You’ll never believe how amazing this post about click bait is!! Also mentions Facebook, LinkedIn, Donald Trump, Salesforce Pardot and Google!

If you’re human and have access to the internet, you’ve probably fallen victim to ‘click-bait’ at least once in your life. If you’re like me you hover on the edge of cynicism and curiosity every time you open Facebook. We’ve almost become desensitized to it and have learned to ignore it on Facebook…but what the hell has happened to LinkedIn?

And when did marketers think to themselves hey that thing I loathe in my personal life could be a fucking fantastic addition to my lead gen campaign?’ In case you’re unfamiliar with the term ‘click bait’ let me enlighten you.

Click bait is content, especially that of a sensational or provocative nature, whose main purpose is to attract attention and draw visitors to a particular web page. Typically the sensation is not substantiated beyond the headline of the content which elicited the click-through.

Sample click bait. I’m sorry in advance, but you cannot click on the articles depicted above, so do not try. They’re not that interesting so I’ve really saved you from yourself. You’re welcome.

Why does shitty click bait work?

Click bait attracts our attention and often earns our click because we’re weak. And bored. And we’re so saturated in content that we’ve seen it all, so we’re always looking for something we haven’t seen. In our personal lives we seek to be informed and entertained, and no longer are the boring facts of life and those things you hear on the news interesting, provocative, or shocking enough (it’s why we love Donald Trump news reports even if we hate him).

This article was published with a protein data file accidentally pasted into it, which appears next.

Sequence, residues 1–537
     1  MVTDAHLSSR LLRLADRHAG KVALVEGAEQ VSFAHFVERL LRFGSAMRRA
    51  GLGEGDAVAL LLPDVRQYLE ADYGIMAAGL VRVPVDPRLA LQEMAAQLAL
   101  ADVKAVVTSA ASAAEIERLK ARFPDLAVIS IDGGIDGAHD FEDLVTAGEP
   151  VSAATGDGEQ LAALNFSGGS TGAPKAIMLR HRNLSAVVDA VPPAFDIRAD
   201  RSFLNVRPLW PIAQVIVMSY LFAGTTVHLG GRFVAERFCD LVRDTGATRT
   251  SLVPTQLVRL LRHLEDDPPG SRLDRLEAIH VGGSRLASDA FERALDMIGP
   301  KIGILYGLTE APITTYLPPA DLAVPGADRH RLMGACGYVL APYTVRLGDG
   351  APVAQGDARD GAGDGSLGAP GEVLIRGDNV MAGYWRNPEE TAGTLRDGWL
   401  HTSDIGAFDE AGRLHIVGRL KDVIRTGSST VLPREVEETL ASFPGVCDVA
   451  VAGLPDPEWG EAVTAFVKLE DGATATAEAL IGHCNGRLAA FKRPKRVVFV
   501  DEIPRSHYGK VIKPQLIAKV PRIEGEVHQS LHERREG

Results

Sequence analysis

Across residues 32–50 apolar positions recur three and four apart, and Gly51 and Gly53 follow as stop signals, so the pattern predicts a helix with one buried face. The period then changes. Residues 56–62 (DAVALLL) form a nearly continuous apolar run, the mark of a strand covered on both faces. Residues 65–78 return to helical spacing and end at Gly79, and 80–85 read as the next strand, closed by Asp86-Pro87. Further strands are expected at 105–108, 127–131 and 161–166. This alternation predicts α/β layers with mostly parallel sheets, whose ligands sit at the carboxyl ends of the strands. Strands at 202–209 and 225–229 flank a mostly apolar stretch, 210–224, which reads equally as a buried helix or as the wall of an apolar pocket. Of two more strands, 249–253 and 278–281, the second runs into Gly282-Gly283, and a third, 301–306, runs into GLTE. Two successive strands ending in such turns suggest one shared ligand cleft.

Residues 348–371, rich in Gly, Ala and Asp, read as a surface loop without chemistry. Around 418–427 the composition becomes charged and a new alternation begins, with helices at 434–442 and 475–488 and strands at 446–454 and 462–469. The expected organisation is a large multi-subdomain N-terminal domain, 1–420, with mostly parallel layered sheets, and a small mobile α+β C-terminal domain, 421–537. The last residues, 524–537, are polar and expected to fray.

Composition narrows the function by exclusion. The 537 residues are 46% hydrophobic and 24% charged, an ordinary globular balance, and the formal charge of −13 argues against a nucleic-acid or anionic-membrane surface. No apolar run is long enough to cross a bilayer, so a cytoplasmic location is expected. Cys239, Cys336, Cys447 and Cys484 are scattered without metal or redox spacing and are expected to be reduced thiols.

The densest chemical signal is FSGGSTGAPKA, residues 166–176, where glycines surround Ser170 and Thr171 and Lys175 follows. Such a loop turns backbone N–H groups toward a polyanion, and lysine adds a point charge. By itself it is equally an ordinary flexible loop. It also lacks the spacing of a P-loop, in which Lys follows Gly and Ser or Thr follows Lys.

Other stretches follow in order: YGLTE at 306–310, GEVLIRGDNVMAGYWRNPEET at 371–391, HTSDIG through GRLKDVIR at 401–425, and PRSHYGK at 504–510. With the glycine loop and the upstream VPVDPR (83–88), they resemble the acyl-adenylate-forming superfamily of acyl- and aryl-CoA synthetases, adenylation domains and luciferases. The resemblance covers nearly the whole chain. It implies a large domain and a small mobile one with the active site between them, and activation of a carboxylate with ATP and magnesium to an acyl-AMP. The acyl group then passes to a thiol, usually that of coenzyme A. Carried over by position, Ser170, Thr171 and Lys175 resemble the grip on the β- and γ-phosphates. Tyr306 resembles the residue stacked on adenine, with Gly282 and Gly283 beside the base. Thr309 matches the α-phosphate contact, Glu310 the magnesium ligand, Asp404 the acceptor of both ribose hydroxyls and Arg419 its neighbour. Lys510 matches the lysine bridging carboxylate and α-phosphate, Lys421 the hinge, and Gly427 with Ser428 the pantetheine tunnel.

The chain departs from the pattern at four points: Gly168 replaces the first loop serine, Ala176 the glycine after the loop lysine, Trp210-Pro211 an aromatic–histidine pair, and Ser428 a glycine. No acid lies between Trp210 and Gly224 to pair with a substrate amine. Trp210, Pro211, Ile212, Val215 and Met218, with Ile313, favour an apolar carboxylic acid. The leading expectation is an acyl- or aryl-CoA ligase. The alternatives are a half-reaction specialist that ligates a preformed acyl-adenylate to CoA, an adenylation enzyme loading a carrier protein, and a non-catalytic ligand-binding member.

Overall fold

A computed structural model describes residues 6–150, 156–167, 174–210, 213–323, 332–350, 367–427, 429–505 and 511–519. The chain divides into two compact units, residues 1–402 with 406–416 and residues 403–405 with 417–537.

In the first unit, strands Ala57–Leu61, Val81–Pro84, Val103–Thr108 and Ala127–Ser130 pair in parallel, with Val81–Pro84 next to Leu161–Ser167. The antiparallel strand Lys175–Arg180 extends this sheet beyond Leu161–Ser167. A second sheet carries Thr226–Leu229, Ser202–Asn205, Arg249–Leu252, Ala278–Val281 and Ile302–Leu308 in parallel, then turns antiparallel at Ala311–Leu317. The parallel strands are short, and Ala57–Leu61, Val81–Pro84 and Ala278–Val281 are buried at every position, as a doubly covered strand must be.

I think we can all agree click bait is annoying, but it works, so we kind of deserve it. But what is click bait for? I don’t know this to be true, but I image it was concocted by vicious hackers and malware creators who have a shockingly enlightened grasp of human psychology. For a long time legit businesses did not bait us so cruelly.

Now that its proven effective, however, it seems enterprising enterprises have decided to jump on that morally dubious bandwagon to ‘earn’ our clicks the easy way – with exciting headlines and empty promises. And LinkedIn has (d)evolved into an effective platform for the proliferation of their crappy content.

Why would legit business use click bait?